The irrefragable John Latta quoted Viktor Shklovsky & some other interesting Russkies yesterday. Shklovsky presents what seems to be the classic "defamiliarization" argument for art's necessary independence from "life".
Somehow though it sounds very 20th-cent. I mean "defam" doesn't seem to "work" anymore. It's insufficient for originality. Our world relentlessly colonizes art, by way of parasitical forms of academic & "media" professionalism (or semi-professionalism), as well as popular "rebel" attitudinizing.
I'd like to imagine a poetry which "pushes back" against the violence & banality of that world. But it can only do that by its own forms of colonizing - ie. by absorbing and transmuting the other powerful & worldly-wise discourses of science, philosophy, law, theology, politics, ideology, etc. As well as emulating and transmitting the amalgamated achievements of past eras (when poets were also novelists, journalists, cultural critics, playwrights, etc. - there are lots of examples).
It relates to the question of what social "role" the poet wants to play. Are poets content to publish a few books, teach younger people "how to write" in colleges, publish little poems in the New Yorker, etc.? Is that it? Society would love poets to just stay there & be happy & not cause any trouble. And by trouble I don't mean the usual "rebel" role-playing : what would really trouble society is a poet who is intelligent, discursive, and fully engaged with the public debates of the day.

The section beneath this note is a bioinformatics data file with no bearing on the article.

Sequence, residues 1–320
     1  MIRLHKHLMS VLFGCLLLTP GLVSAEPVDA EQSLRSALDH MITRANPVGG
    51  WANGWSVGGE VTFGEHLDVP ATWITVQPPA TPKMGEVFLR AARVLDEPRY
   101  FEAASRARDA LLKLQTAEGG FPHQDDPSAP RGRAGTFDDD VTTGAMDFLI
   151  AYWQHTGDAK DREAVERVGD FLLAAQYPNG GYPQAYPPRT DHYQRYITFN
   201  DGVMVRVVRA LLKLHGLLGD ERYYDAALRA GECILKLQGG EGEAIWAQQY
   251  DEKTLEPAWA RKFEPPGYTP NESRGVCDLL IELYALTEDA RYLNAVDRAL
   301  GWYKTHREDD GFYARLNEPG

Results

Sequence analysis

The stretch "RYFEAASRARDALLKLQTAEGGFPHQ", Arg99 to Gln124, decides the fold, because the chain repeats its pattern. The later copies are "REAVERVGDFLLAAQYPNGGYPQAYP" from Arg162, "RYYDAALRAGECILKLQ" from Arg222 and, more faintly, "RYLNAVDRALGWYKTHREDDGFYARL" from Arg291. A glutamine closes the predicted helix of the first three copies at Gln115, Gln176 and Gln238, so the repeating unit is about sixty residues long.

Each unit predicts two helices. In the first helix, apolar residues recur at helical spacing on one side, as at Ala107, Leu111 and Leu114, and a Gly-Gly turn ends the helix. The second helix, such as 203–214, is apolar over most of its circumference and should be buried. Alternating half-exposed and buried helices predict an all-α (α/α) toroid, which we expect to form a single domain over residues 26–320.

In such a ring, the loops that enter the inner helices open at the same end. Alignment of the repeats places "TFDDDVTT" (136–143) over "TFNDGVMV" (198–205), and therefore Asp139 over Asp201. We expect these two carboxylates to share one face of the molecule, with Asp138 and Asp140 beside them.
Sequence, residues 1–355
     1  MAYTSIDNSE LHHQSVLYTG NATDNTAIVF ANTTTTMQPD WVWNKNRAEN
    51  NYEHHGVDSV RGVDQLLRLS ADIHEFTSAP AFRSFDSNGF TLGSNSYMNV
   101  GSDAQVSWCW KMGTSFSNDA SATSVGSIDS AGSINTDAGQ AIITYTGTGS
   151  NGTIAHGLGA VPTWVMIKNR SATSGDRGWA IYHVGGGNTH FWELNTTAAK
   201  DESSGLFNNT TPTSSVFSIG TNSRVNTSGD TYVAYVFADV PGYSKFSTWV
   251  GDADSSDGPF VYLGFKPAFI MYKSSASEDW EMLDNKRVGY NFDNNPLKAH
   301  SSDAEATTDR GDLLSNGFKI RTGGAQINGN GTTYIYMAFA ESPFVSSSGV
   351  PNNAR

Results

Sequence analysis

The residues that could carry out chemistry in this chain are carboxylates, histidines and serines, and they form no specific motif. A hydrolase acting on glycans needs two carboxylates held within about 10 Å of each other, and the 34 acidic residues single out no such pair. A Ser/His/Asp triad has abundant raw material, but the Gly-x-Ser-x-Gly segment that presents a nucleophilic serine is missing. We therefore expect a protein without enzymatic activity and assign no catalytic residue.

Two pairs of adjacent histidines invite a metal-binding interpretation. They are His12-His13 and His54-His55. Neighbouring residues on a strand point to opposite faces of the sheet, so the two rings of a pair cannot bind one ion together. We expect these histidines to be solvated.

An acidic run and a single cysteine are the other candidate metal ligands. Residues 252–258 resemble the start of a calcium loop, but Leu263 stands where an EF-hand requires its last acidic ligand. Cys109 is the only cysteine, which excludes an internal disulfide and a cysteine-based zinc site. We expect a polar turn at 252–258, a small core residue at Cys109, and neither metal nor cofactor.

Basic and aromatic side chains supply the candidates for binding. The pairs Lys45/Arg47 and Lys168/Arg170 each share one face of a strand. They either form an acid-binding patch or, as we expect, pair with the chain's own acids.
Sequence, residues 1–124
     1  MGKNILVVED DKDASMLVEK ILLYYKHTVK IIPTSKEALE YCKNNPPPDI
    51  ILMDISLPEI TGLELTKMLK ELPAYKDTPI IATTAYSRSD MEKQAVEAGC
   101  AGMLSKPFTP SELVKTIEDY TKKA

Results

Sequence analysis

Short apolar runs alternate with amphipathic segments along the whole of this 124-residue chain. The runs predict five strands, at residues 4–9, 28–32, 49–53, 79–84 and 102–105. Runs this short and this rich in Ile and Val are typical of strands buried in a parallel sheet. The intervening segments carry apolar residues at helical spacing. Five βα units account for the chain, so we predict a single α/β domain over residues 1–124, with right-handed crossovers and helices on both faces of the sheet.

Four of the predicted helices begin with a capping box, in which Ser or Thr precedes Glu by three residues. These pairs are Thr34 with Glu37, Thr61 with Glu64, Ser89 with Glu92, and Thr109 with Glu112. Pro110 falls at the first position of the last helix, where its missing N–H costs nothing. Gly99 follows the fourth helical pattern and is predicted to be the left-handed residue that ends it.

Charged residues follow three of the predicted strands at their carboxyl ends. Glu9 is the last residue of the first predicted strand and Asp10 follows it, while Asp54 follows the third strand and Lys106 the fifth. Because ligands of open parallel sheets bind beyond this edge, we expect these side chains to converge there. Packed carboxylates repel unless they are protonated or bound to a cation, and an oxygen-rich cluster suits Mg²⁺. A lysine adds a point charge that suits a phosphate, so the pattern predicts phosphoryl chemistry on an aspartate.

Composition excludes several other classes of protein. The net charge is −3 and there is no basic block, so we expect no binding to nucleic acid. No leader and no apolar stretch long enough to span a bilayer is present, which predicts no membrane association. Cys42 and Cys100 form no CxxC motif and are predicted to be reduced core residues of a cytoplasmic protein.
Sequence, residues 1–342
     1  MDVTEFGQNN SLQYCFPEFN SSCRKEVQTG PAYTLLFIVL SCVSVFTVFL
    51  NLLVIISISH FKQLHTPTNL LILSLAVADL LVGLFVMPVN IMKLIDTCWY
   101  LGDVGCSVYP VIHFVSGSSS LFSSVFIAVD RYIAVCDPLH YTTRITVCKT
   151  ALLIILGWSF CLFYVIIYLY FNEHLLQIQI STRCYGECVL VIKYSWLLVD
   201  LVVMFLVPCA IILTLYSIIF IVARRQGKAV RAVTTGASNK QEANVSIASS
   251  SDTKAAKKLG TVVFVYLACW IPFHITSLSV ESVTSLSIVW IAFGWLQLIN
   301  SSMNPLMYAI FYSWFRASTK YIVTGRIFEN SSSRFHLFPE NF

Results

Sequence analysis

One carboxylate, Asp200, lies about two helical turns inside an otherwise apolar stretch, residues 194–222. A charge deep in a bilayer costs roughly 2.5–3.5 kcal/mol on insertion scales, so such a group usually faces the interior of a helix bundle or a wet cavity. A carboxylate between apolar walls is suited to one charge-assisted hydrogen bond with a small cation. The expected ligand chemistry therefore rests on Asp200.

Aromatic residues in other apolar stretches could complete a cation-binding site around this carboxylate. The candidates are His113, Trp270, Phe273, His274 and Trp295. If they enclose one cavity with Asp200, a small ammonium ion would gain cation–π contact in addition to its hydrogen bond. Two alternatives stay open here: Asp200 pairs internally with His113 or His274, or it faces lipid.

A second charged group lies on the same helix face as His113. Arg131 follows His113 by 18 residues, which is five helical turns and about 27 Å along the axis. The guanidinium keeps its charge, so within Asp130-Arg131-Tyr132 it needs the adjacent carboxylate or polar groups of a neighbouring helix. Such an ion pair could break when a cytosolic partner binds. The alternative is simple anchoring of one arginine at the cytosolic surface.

And that question begs the further question : where does poetry stand in relation to the general cultural traditions and transmissions (or disconnects) of the USA, the West, the world?
What if poets started by asking themselves these questions, rather than (self-servingly) jumping on the bandwagons of whatever are the hot political debates-du-jour (war in Iraq, the various "isms" they learned in school)?